It may well have been the coldest night of the year (or at least since February) but the few hundred souls who turned up at Griffin Park for the West London Reserve Derby were treated to a six-goal thriller featuring end-to-end action, full-blooded tackles and a hell of a lot of promise. Goals from Fulham’s Nordic (apt) duo of David Elm (twice) and Toni Kallio were countered by strikes from Billy Knott, Daniel Sturridge, and Milan Lalkovic to take a deserved share of the points.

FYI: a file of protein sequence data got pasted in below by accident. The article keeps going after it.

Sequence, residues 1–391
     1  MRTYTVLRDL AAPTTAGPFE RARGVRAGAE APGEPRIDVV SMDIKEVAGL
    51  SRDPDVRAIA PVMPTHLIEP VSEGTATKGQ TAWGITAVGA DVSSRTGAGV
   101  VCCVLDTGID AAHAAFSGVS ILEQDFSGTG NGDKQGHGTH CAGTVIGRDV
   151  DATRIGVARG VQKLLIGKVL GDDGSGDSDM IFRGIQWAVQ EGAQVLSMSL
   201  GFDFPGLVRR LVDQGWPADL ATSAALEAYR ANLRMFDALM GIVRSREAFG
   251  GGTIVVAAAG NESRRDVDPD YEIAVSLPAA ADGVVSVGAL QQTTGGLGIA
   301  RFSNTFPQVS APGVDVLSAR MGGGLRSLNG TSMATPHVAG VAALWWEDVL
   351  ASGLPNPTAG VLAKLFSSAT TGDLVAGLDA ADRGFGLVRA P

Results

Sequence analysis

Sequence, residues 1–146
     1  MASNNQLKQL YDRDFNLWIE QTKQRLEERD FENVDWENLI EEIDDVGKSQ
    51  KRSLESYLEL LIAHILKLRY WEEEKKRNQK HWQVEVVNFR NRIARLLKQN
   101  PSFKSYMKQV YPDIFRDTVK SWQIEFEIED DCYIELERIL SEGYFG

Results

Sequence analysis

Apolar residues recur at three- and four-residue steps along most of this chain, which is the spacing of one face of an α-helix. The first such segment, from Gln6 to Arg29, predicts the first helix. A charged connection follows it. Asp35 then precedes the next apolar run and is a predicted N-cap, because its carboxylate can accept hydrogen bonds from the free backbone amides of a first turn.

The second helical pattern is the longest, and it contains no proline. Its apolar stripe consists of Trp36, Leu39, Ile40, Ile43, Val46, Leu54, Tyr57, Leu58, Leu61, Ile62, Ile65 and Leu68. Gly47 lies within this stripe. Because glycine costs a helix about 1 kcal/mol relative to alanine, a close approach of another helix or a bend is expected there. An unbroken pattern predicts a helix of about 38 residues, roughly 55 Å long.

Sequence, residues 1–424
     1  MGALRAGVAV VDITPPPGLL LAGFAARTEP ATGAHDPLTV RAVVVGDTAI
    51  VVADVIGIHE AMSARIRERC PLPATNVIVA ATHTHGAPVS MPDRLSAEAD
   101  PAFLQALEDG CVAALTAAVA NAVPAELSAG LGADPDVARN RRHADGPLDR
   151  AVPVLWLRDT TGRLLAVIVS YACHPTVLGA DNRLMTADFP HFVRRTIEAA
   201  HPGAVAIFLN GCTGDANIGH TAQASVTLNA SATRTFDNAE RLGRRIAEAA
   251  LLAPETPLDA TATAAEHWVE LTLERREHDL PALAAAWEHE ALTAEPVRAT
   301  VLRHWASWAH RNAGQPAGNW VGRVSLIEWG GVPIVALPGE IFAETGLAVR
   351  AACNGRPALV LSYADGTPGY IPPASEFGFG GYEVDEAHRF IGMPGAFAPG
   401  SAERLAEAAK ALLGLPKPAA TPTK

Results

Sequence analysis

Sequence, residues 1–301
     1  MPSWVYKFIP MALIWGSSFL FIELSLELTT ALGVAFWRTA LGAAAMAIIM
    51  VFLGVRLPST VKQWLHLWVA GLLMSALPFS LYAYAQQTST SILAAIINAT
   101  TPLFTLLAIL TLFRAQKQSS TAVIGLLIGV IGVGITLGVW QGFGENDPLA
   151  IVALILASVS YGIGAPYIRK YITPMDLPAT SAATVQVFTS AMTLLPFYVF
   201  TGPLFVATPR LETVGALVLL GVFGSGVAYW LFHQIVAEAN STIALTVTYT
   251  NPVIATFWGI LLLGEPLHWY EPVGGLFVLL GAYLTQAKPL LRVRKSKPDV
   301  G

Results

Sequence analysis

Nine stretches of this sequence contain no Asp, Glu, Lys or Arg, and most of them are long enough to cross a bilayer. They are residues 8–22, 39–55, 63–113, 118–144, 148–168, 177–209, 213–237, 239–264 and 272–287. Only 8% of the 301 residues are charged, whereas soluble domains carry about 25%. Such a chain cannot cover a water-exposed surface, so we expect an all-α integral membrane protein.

With international call-ups depriving Steve Holland of key components in the form of Conor Clifford, Jacopo Sala, Fabio Borini and others, the team took on a young look once again. Schoolboy Danny Mills started at centre-half once again, with first-years Josh McEachran, Milan Lalkovic and Knott also starting. The selections of Ross Turnbull and Daniel Sturridge looked to add some experience to the team, with Nikki Ahmed in a rare return to central midfield, whilst Fulham were able to feature internationals in the form of Kallio, Simon Davies and goalkeeper Pascal Zuberbuhler. The Cottagers themselves did, however, also feature a sprinkling of youth, handing starts to promising defenders Chris Smalling, Matthew Briggs and Keanu Marsh-Brown.